I am a HUGE "Big C" fan.
Here is a great article borrowed from TV Squad.com
recapping the show's final episode, and maybe things to come? ;)
'The Big C' Season 1, Episode 13 (Season Finale) Recap
by Laura Prudom, posted Nov 16th 2010
It's been a tumultuous 13 episodes, full of heartbreak, hilarity and ridiculously hot guest stars (Idris Elba and Liam Neeson? What did we do to deserve this?), but over the course of the past few months, 'The Big C' has quietly, confidently developed into one of the most satisfying -- and undeniably addictive -- new shows of the year. Our only problem now is surviving the break between seasons.
So much has happened in the past two episodes (the space of a few days in the show) that has inexorably changed the dynamic of the show going forward, and it's edifying to see the storytelling hitting its stride. In hindsight, many of the earlier episodes seemed slow because the characters were still in the dark as to Cathy's condition, but her honesty has invigorated the plotting, giving it purpose and a sense of urgency as Cathy swings between letting go gracefully and refusing to go down without a fight.
The loss of Marlene (Phyllis Somerville) last week was a crushing blow, not just to Cathy but to the audience as well, since the quirky neighbor had quickly become the heart of the show. I'm sure I wasn't the only one who was in tears by the end of the episode, watching Marlene joyfully dancing in the grass as a blissful Cathy (who was practically glowing with happiness and health) surfaced from the water of her dream pool.
Marlene did promise Cathy in her suicide note that she'd be waiting for her in the end, but we're certainly not ready to see Cathy's vision of the afterlife quite yet (since the show has thankfully been renewed for a second season).
Speaking of tearjerkers ... after Cathy and Paul had spent so much effort trying to coax some semblance of human emotion out of the stoic (typical teenager) Adam, with sad movies and Marlene's funeral, we were relieved to see him finally break down upon discovering Cathy's storage locker of birthday, Christmas and graduation gifts -- not least of all because we were bawling around the same time Adam started.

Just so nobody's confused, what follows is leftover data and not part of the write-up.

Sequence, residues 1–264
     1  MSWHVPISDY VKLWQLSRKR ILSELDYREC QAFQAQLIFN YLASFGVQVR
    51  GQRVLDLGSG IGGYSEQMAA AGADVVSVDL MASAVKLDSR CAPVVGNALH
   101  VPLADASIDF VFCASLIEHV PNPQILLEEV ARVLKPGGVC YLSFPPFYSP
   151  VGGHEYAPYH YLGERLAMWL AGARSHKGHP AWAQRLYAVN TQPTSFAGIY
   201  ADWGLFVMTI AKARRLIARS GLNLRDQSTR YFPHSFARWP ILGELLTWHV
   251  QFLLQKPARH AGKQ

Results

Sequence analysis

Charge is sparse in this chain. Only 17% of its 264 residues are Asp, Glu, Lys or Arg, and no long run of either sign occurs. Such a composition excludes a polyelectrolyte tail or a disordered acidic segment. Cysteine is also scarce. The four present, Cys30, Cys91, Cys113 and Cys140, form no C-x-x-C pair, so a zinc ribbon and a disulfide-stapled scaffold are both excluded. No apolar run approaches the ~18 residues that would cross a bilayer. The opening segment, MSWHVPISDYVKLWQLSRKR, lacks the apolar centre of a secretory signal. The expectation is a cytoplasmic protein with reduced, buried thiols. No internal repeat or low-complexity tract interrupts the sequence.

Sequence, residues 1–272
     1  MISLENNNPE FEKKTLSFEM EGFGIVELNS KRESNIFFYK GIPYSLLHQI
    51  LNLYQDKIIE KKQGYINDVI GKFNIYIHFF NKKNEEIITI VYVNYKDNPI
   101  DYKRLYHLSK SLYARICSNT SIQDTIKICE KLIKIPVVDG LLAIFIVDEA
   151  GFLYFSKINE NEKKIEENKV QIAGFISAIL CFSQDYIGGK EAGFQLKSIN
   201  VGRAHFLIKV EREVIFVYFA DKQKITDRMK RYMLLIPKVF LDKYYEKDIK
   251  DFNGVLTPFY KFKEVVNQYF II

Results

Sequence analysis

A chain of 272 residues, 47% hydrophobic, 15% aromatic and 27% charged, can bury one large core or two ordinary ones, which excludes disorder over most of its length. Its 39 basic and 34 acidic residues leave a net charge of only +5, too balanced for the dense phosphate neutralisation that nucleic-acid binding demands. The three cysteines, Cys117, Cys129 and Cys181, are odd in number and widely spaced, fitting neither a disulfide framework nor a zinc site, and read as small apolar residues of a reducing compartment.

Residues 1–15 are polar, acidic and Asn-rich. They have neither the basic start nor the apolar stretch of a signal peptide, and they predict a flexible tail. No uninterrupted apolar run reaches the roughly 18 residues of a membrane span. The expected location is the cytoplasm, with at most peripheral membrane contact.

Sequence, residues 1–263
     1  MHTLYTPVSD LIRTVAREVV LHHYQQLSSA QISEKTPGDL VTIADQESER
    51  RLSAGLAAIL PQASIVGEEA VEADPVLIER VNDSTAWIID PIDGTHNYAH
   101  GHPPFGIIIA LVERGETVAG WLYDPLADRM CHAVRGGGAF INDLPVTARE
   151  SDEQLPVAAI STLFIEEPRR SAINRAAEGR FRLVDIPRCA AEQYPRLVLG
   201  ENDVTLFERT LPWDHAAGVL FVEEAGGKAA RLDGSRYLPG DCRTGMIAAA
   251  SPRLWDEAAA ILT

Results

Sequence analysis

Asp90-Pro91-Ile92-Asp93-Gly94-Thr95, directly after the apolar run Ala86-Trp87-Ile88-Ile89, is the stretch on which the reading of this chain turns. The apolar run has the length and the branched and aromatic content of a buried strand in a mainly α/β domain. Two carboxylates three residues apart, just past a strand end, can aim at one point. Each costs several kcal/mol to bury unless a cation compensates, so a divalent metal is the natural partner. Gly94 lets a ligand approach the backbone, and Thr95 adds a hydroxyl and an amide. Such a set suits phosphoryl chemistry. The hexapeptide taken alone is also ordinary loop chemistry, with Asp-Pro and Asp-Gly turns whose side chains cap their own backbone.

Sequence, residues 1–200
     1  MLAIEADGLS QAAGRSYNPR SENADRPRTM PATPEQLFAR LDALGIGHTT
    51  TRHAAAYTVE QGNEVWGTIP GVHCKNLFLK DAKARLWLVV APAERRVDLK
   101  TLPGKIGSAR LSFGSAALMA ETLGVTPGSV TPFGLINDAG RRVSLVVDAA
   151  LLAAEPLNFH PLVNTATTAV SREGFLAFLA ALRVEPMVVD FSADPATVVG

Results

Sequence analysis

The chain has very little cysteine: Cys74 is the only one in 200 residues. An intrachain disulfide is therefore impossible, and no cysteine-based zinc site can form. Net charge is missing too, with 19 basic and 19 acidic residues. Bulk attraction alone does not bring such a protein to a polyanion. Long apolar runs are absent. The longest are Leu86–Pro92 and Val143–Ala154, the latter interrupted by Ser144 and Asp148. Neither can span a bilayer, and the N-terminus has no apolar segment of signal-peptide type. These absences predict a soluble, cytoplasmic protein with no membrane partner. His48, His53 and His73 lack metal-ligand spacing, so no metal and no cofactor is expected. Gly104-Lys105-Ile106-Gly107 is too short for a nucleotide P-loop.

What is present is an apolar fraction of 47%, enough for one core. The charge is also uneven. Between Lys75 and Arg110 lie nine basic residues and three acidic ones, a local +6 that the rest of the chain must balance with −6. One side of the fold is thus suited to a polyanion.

Throughout the season, Adam has been fairly insufferable, but he's also a typical kid, often subject to his mother's unpredictable and inexplicable actions. From leaving mortifying voicemails to the object of his affections to forcibly preventing him from going to soccer camp, so we can't really blame the boy for thinking that his mom had completely lost her mind.
When finally faced with her diagnosis, Adam seemed unmoved, either through shock or denial. And while Cathy's condition remained an abstract idea -- she still seemed healthy and as nutty as she's probably always been -- it was easy for Adam to ignore the severity of the situation. But when faced with a lifetime's worth of gifts, signifying milestones that Cathy knew she would miss, it suddenly became impossible for Adam to deny the immediate reality of his mother's disease, one that is terrifying, no matter how old you are.
Adam's realization that his mother wouldn't be around forever -- and possibly wouldn't even be around for another year -- was one of the most poignant and affecting moments in an already powerful show, and one that will stay with me (and hopefully Emmy voters) for a long time to come.
Sean, meanwhile, continued to have the best lines of the season, though he's now the only one in Cathy's immediate family who doesn't know about her condition. Judging by the way he reacted to her cancer fake-out earlier in the year, though, we're imagining that eventual conversation is going to be every bit as powerful as Adam's revelatory moment in this week's episode.
For now, though, he has to worry about f'ing up a baby with Rebecca -- it's either going to be the most dysfunctional child in the world, or the most enlightened. Bets on it being called Cathy if it's a girl?
The last 5 minutes of the show were especially emotional.
Anyone else cry their eyes out?
Check it out here: